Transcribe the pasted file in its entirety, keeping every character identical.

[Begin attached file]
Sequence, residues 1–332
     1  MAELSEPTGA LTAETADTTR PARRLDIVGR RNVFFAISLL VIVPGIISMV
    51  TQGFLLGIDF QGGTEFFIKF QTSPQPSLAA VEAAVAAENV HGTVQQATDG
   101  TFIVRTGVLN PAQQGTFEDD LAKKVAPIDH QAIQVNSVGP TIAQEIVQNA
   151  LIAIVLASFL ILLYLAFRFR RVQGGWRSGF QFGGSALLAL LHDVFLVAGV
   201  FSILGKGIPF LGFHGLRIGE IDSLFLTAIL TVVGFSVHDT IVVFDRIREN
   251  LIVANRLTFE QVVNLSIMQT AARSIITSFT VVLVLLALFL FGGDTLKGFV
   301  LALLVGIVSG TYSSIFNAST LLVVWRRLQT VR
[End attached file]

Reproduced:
Sequence, residues 1–332
     1  MAELSEPTGA LTAETADTTR PARRLDIVGR RNVFFAISLL VIVPGIISMV
    51  TQGFLLGIDF QGGTEFFIKF QTSPQPSLAA VEAAVAAENV HGTVQQATDG
   101  TFIVRTGVLN PAQQGTFEDD LAKKVAPIDH QAIQVNSVGP TIAQEIVQNA
   151  LIAIVLASFL ILLYLAFRFR RVQGGWRSGF QFGGSALLAL LHDVFLVAGV
   201  FSILGKGIPF LGFHGLRIGE IDSLFLTAIL TVVGFSVHDT IVVFDRIREN
   251  LIVANRLTFE QVVNLSIMQT AARSIITSFT VVLVLLALFL FGGDTLKGFV
   301  LALLVGIVSG TYSSIFNAST LLVVWRRLQT VR